Regrets people have in retirement, and how to avoid them

3rd April 2017

Research from a major insurer has thrown an interesting light on how pensioners are finding retirement. The good news is that 94% of recent retirees surveyed report that they are really enjoying their later years. However, 41% say they regret mistakes they made in planning for their retirement. In some instances, these mistakes have meant they are facing financial struggles that could have been avoided.

NOT SAVING ENOUGH

Many people reach retirement and wish they’d put more into their pension plan in their peak earning years. Keeping a regular eye on how much you’re saving towards your pension will ensure that you know how much you’re likely to have when you retire and give you the chance to increase your contributions if you can afford to. Getting an accurate state pension forecast is important too; many people overestimate how much their state pension will actually be worth, and aren’t sure at what age they will receive it.

NOT SAVING SOON ENOUGH

When people look back on their working lives, they can sometimes feel a sense of regret that they didn’t put more money aside early enough in their careers. It’s true that for most 20 year olds the thought of saving for retirement isn’t even on their radar. However, the younger you are when you start to save, the more time your money has to grow. Thanks to what Einstein referred to as the ‘8th Wonder of the World’, compound interest, even small sums saved whilst you’re young can steadily mount up over the years.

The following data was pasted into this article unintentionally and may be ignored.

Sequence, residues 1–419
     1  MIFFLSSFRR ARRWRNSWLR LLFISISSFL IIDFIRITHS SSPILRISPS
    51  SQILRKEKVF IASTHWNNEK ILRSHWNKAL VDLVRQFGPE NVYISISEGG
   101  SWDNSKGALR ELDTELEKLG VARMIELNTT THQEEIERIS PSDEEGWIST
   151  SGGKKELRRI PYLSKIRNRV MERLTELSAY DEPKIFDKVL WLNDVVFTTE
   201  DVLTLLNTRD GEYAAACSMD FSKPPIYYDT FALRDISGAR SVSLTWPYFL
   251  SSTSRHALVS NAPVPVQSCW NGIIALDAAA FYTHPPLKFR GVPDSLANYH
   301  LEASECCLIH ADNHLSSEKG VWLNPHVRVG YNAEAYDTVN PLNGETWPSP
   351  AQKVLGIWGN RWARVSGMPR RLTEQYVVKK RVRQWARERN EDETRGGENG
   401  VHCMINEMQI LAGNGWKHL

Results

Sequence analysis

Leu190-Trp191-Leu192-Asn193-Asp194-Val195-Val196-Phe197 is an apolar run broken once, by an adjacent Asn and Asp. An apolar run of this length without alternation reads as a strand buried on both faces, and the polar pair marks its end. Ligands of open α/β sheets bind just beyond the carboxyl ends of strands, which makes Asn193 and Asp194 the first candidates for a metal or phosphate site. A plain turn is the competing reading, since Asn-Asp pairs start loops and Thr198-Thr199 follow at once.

NOT BUDGETING PROPERLY FOR RETIREMENT

It’s a good idea in the years preceding your retirement to work out how much you are likely to need to fund the lifestyle you want to enjoy in your later years. True, some costs like travel to work will decrease, but others such as heating bills are likely to rise. Putting together a budget that includes household expenses, and takes into consideration how much you’re likely to spend enjoying your increased leisure time, will help you plan and save more appropriately. It’s important to factor in the likely cost of future care needs too.

NOT TAKING PROPER ADVICE

Under the pension rules introduced in April 2015, those planning their retirement have more choice than ever before in how and when they access the funds built up in their pension pot. However, for many, the options can be confusing and difficult to evaluate.

It’s never been more important to make the right decisions at retirement. Increased life expectancy means that people retiring today can expect to have several decades of active life ahead of them. Making sure that their funds don’t run out too soon can often be a major concern. Getting good independent financial advice can help ensure that you have a plan in place that meets your likely pattern of expenditure, and keep funds in reserve in case you need to pay for nursing or residential care.

The information within the article is purely for information purposes only and does not constitute individual advice.